Government officials last week moved on two fronts to attack the United States/China trade deficit.
The US Trade Representative filed a complaint with the World Trade Organization (WTO) charging
illegal subsidies, and members of Congress introduced punitive tariff legislation to offset what
they say is China’s illegal currency manipulation. The US trade deficit with China currently is
about $220 billion with $27 billion in textiles and apparel.
In the WTO complaint, US Trade Representative Susan C. Schwab charged China is employing
several subsidy programs to give its industries an unfair advantage in international trade. Among
the issues cited are export subsidies and tax policies that the US government contends work against
fair competition with US and other foreign firms. “We are committed to challenging China’s
WTO-inconsistent practices that harm American workers and manufacturers,” Schwab said. “China’s use
of market-distorting subsidies creates an uneven playing field, and we are seeking to level the
playing field to allow US manufacturers to compete fairly with Chinese firms.”
The complaint triggers a 60-day period in which the two countries can attempt to negotiate
their differences. If that fails, and it likely will, a WTO panel will be convened to determine
what actions, if any, need to be taken. If the United States prevails, it would be allowed to
employ sanctions against China.
In a related development, US Reps. Duncan Hunter, R-Calif., and Tim Ryan, D-Ohio,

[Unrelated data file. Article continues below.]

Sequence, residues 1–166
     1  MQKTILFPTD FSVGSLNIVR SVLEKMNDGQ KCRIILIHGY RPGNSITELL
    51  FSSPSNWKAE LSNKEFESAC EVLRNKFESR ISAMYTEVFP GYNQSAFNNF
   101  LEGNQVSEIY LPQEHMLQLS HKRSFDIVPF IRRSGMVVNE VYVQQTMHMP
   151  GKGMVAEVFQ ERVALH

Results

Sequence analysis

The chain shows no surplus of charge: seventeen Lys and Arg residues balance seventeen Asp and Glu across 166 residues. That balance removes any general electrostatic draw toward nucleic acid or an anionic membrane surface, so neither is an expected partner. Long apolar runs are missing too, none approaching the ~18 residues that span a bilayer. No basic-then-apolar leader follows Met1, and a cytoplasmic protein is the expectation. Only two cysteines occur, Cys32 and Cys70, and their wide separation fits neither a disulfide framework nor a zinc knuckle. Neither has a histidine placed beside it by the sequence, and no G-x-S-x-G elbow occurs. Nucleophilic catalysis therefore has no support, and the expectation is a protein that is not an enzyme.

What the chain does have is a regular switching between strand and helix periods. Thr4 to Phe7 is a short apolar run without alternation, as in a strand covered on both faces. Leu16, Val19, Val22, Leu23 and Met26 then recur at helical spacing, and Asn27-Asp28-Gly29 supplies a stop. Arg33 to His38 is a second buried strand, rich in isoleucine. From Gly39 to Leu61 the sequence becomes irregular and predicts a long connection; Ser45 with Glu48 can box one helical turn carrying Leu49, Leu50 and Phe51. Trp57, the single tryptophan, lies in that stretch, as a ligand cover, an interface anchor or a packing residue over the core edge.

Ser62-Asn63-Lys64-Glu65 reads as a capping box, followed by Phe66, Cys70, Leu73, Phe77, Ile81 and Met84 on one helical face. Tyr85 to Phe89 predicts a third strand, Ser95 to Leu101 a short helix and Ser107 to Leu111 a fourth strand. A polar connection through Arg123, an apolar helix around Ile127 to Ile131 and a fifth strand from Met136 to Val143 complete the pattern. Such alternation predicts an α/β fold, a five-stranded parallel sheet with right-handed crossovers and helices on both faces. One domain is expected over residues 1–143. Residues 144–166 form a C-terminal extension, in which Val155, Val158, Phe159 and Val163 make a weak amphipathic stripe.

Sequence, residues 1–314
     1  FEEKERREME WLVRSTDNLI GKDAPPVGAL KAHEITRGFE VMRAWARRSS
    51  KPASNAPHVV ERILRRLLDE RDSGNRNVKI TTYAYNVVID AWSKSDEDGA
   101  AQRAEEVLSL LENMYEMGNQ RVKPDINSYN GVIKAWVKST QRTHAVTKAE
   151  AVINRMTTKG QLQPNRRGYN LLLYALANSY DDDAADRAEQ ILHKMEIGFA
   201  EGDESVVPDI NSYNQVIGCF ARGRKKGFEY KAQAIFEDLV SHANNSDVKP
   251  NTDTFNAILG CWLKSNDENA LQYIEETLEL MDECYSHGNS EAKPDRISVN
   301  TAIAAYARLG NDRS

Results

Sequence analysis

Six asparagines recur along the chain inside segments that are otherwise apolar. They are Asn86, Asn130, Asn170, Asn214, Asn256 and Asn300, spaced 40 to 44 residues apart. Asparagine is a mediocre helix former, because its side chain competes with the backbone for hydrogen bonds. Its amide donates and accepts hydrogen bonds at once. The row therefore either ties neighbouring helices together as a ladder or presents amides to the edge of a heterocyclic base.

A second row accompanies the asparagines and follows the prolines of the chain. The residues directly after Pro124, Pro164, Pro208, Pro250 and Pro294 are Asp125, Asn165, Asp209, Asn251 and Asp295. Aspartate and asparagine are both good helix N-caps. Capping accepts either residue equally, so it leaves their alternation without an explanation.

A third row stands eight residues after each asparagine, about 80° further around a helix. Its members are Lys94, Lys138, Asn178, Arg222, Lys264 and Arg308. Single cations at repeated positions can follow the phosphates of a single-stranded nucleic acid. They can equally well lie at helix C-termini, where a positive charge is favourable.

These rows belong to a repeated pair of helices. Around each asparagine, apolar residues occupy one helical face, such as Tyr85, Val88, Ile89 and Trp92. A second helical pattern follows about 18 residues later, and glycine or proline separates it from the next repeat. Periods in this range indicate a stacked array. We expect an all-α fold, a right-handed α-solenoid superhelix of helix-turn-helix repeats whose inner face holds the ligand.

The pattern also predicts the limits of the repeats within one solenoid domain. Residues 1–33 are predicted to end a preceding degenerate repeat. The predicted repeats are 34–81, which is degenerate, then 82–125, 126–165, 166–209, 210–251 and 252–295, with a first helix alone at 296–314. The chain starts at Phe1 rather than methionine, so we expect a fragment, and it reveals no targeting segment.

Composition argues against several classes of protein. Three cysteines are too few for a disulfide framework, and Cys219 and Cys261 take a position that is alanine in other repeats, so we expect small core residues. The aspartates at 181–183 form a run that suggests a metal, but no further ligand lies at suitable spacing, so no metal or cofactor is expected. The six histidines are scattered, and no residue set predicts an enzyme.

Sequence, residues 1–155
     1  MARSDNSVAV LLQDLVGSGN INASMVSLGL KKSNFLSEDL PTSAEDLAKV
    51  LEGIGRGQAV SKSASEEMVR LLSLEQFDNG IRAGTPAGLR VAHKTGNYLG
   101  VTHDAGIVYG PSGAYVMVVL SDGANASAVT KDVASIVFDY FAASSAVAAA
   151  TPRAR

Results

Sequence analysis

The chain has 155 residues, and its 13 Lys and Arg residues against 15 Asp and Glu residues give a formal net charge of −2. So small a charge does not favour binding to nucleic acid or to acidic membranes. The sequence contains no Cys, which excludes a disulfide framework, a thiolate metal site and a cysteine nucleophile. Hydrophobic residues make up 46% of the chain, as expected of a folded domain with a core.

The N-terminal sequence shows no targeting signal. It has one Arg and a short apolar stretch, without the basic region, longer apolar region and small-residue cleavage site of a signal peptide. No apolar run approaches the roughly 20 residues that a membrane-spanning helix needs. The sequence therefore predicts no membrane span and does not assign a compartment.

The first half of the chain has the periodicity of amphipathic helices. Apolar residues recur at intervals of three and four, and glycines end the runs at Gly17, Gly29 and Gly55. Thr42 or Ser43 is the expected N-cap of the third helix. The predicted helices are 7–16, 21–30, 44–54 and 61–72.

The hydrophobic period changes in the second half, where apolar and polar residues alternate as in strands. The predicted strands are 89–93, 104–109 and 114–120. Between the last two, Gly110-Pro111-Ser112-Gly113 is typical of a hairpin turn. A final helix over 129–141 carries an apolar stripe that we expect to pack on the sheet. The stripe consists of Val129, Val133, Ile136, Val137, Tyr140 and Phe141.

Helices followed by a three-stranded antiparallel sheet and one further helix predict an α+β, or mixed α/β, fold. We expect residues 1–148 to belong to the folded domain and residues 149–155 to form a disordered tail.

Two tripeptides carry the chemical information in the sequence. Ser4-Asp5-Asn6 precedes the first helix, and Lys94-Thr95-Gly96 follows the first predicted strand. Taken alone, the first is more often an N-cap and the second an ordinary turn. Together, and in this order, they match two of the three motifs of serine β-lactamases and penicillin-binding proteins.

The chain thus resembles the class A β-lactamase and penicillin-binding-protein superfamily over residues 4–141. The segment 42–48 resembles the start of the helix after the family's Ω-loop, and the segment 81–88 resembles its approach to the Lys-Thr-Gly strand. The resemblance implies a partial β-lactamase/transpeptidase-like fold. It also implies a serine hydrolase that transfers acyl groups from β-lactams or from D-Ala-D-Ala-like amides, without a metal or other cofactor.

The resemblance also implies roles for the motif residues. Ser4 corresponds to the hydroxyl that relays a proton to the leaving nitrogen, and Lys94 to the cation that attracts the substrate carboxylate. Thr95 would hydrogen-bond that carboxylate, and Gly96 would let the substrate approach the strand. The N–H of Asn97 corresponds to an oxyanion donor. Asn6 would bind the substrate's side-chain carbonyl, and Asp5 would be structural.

re-introduced their legislation that defines currency manipulation as an illegal trade subsidy, and
permits US workers and manufacturers to seek relief against imports from China and other countries
that regulate the value of their currencies. US textile manufacturers contend China’s currency
policies amount to as much as a 40-percent subsidy for its exports to the United States. In
introducing the legislation, Hunter said: “China is cheating on trade. Through the artificial
regulation of its currency, China is strengthening its manufacturing base and increasing America’s
trade deficit at the expense of our manufacturers. This is unacceptable and needs to be corrected
if American workers want to stay competitive.”
While recognizing there is a problem, Treasury Secretary Henry M. Paulson Jr. is opposed to
legislation and has said he hopes to negotiate better terms with China. At a recent hearing before
the Senate Banking Committee, however, senators expressed impatience and urged the administration
to take a much more aggressive stance.
February 6, 2007